It would therefore have been desirable for the government to have included such strategic considerations in the report. All the more so since the report is based on the desire for an intensified discussion and thus broad legitimacy of foreign policy.
It is very gratifying that, after 2007, the government is once again submitting a report to Parliament on the priorities and priorities of Liechtenstein foreign policy. The report confirms that Liechtenstein foreign policy is well positioned and that its activities are geared specifically to Liechtenstein’s interests and the conditions of the international system. Consequently, it is not surprising that the report met with much approval in Parliament.
However, the report remains non-binding in many respects and avoids several fundamental questions for future foreign policy. With regard to Europe and the challenges of the EEA, it is particularly unfortunate that the report does not address the relationship between intergovernmental and supranational integration. It also remains to be seen to what extent and under what conditions Liechtenstein would be prepared for further integration steps. It is also unclear what consequences the government expects for the EEA and its institutions in connection with the Brexit and a possible institutional agreement between Switzerland and the EU.
It may have been a deliberate decision to omit these and other fundamental questions in order not to give too much visibility to these sometimes sensitive questions. The report is also written in such a way that both communitarians and cosmopolitans can identify with it. One example of this ambivalence is that the report emphasizes the great importance of an active foreign policy for Liechtenstein, but at the same time positively emphasizes that the total financial expenditure for foreign policy has decreased by more than 10 percent since 2010.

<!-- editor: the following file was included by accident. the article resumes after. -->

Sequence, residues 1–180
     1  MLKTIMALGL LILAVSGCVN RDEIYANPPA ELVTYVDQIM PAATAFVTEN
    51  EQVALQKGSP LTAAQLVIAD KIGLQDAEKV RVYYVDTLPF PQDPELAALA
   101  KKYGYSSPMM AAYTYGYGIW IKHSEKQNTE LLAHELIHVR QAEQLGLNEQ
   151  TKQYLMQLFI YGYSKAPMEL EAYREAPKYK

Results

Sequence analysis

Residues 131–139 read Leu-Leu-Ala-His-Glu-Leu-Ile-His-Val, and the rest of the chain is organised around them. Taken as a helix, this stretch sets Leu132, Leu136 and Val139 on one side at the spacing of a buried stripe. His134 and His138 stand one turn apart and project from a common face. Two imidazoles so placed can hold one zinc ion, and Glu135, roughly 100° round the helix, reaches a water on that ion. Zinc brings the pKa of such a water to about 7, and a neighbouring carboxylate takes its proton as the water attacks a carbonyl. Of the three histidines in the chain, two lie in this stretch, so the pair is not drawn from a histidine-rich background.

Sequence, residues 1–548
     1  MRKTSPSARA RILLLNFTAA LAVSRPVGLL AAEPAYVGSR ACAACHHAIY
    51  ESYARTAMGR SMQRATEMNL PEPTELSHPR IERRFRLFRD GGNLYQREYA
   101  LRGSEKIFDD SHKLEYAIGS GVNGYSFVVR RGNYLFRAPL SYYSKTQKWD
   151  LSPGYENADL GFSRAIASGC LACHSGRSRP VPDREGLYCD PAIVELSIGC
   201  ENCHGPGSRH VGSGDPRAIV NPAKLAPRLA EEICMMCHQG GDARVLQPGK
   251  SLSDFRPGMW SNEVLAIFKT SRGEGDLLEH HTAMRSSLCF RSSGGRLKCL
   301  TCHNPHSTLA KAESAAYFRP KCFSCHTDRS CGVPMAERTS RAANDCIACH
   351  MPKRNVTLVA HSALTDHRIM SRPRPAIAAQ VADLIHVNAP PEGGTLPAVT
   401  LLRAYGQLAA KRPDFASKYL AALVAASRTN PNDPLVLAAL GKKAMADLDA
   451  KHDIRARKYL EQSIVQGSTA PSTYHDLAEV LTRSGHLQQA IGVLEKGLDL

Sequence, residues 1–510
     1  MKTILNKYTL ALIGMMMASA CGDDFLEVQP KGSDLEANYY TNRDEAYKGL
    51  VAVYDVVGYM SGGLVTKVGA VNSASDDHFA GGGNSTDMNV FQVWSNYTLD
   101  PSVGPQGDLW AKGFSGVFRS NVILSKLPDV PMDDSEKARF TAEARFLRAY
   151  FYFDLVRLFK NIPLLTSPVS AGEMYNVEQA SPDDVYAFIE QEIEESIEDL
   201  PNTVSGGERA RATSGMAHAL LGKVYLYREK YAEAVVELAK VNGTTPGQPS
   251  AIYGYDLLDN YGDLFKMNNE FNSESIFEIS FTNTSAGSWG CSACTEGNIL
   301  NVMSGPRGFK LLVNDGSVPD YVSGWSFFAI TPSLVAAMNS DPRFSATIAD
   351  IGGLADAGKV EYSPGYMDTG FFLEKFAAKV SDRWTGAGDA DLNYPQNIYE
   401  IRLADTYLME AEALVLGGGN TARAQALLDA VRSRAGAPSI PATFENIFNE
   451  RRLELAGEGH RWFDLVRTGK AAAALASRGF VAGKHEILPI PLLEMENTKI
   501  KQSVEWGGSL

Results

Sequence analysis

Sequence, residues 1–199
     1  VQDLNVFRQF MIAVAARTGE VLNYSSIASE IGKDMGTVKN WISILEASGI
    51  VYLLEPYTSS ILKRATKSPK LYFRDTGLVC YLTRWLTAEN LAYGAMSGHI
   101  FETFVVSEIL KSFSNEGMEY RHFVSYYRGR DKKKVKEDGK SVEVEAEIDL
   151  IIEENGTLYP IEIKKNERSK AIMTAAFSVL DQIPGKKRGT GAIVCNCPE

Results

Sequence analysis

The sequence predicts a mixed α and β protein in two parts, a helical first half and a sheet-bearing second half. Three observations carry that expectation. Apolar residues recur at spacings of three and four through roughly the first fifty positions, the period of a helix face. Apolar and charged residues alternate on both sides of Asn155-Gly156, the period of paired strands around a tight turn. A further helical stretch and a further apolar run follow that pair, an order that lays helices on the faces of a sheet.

The report may thus take foreign policy out of the firing line for the time being after the intensive debates about the expenses of former Foreign Minister Aurelia Frick and the rejection of the Migration Pact. However, the report is not enough to provide lasting legitimacy for the strategic orientation of foreign policy. Accordingly, it is to be hoped that the government will not wait another twelve years before a basic foreign policy report is presented to Parliament again.
Note: All quotations are taken from the report on the priorities and objectives of Liechtenstein foreign policy published by the Government of the Principality of Liechtenstein (July 2019).
Frommelt, Christian (2019): What foreign policy for Liechtenstein? Blog. EFTA-Studies.org.